# Regarding implicit differentiation

• Oct 25th 2008, 02:41 AM
woollybull
Regarding implicit differentiation
How do I show that the curve x^3+y^3 = 3xy is symmetrical about the line y=x??
The curve is not one-to-one so I cant show that it is a self inverse. All I can think of is to show that the expression is the same when x and y are swapped. Is that enough??

Suppose that |x| and |y| (in the above expression) are both very large. Explain why x+y~k, where k is a constant?? Because the two expressions are the same when the variables are swapped??

Thanks
• Oct 25th 2008, 05:04 AM
Opalg
Quote:

Originally Posted by woollybull
All I can think of is to show that the expression is the same when x and y are swapped. Is that enough??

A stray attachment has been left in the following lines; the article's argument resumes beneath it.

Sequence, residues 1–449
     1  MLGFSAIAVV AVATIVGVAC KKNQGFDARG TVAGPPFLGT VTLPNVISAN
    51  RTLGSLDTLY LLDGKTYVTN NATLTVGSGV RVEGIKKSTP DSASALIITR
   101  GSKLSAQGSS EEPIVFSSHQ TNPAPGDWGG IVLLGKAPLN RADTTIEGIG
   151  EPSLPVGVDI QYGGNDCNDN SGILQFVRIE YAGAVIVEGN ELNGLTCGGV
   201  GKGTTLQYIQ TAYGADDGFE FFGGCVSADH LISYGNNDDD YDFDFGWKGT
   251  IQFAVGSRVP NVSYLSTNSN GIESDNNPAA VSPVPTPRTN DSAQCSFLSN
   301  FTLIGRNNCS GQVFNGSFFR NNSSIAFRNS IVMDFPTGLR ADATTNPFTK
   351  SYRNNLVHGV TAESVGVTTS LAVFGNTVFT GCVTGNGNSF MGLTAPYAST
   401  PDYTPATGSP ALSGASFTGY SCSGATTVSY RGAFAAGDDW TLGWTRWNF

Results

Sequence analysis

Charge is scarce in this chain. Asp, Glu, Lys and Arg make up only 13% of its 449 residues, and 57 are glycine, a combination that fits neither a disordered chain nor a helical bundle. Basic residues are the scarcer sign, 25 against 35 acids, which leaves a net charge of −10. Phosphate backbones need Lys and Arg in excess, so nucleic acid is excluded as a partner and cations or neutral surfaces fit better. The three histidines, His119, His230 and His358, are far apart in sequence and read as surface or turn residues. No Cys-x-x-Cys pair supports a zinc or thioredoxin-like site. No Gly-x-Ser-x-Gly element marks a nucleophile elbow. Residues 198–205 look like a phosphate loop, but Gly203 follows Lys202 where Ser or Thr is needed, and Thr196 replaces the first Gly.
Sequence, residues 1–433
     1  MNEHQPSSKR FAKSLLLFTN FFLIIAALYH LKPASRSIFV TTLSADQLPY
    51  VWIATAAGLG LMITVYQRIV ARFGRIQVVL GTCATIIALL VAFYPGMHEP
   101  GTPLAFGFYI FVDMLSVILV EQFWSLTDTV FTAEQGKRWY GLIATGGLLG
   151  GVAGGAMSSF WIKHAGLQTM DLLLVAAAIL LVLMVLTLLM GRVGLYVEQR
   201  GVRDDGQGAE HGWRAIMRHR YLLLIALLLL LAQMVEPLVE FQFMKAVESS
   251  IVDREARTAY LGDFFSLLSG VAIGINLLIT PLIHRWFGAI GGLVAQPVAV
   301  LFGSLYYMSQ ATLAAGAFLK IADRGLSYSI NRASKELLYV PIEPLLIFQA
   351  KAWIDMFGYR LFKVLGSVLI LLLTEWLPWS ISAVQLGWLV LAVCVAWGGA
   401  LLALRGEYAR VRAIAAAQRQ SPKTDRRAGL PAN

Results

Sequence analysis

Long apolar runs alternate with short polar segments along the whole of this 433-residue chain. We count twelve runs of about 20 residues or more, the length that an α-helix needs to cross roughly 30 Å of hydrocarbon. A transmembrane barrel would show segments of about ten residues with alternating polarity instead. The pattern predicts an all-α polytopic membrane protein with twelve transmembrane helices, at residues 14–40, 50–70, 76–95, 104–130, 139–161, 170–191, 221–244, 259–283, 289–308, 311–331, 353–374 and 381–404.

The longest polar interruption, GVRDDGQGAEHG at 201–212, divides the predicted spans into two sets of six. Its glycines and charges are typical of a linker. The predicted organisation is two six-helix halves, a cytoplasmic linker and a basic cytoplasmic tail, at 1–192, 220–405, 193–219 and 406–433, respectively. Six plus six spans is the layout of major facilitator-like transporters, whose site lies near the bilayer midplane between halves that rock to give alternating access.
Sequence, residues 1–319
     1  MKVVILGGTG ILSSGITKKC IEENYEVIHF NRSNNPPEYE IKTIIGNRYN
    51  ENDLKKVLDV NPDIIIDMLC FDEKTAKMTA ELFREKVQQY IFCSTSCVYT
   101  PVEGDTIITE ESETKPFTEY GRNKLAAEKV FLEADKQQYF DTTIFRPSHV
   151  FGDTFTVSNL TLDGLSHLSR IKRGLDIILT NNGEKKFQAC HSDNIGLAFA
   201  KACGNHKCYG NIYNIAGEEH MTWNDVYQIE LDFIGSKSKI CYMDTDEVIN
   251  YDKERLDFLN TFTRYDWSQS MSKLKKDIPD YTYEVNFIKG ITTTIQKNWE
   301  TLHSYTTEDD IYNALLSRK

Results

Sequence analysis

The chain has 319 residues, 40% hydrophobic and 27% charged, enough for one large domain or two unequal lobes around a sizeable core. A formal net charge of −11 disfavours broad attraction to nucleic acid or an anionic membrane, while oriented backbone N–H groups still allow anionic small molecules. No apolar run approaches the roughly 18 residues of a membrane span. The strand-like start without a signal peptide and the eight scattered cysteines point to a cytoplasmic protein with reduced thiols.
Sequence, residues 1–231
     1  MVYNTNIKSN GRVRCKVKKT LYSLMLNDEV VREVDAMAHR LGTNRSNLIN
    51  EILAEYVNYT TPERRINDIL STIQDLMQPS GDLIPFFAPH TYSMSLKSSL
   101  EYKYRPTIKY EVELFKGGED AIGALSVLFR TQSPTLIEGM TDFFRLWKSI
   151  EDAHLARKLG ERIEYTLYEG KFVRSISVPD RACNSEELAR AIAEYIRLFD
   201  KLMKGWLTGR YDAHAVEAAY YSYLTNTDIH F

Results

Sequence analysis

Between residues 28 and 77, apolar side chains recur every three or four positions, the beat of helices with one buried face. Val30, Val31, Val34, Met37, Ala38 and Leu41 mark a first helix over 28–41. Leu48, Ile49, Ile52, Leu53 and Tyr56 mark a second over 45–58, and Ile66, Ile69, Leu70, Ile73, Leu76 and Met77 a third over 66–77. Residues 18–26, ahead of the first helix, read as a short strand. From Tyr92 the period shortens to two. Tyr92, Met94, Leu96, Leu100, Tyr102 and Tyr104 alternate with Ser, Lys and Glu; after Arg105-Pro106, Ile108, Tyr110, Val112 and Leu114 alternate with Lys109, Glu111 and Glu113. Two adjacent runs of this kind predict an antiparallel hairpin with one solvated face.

Yes, that is enough (because reflection in the line y=x is what happens when you interchange x and y).

Quote:

Originally Posted by woollybull
Suppose that |x| and |y| (in the above expression) are both very large. Explain why x+y~k, where k is a constant??

Let $m=y/x$. Then the equation $x^3+y^3=3xy$ can be written $\frac{1+m^3}m = \frac3x$. The right-hand side of that goes to 0 as $|x|\to\infty$, from which you can see that $m\to-1$
as $|x|\to\infty$.

Now factorise
$x^3+y^3$ as $(x+y)(x^2-xy+y^2)$ to see that $x+y = \frac{3m}{m^2-m+1}\to-1$ as $m\to-1$.

• Oct 26th 2008, 04:59 AM
woollybull
Thanks a lot!!